CRISPR is a revolutionary tool used for editing the human genome. It allows for the altering of any given DNA sequence and ability to modify any one specific genes’ function. Its applicability consists of correcting genetic defects, treating and preventing the spread of diseases, and improving crops. However, it also raises some ethical concerns, that of which mainly is the idea that practicing CRISPR technology could be considered as playing the role of “God”.
CRISPR was adapted from the natural defense mechanisms of bacteria, which use CRISPR-derived RNA and Cas proteins, to prevent attacks by viruses and other intruding organisms. They do so by chopping up and destroying the DNA of the virus. When these components are derived and applied to more complex, organisms, it allows for the manipulation of genes.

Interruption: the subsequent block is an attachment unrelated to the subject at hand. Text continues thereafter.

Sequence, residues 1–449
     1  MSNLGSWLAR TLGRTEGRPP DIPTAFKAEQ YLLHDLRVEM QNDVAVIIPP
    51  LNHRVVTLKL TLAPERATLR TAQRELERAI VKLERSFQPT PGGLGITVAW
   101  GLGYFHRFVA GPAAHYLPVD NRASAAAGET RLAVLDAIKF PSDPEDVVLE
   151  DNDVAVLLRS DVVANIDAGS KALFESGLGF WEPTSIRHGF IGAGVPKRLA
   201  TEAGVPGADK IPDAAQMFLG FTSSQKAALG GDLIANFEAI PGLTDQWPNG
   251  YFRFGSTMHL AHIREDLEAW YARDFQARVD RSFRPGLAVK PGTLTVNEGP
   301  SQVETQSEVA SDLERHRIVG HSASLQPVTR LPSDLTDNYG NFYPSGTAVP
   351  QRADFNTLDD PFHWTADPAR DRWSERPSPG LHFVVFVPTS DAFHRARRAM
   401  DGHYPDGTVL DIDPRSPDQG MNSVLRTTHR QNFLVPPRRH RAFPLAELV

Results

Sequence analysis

Disregarding its ethical concerns, CRISPR can provide substantial support to a previously uncharted area of medicine; the diagnosing and treating of genetic disorders, which was previously thought to be that if one had a genetic disorder it would be incurable. Clinical trials are set to take place both in Europe and in North America, where patients with rare genetic disorders will give cellular samples in an attempt to alter their genome, implant them back into the individual, and hopefully cure the genetic abnormality.
With CRSPR taking such progressive strides in the past year, it is not outrageous to predict what its usage could end up providing society with. With the ability to edit the human genome there are endless possibilities in which science could evolve this area of study to benefit the human race. CRISPR can even be used to boost the expected intelligence of an embryo. Who knows, thirty years from now we could be watching the news and hear of the first ever “superhuman”, a genetically modified human that has been hand-coded for optimality in all human functions.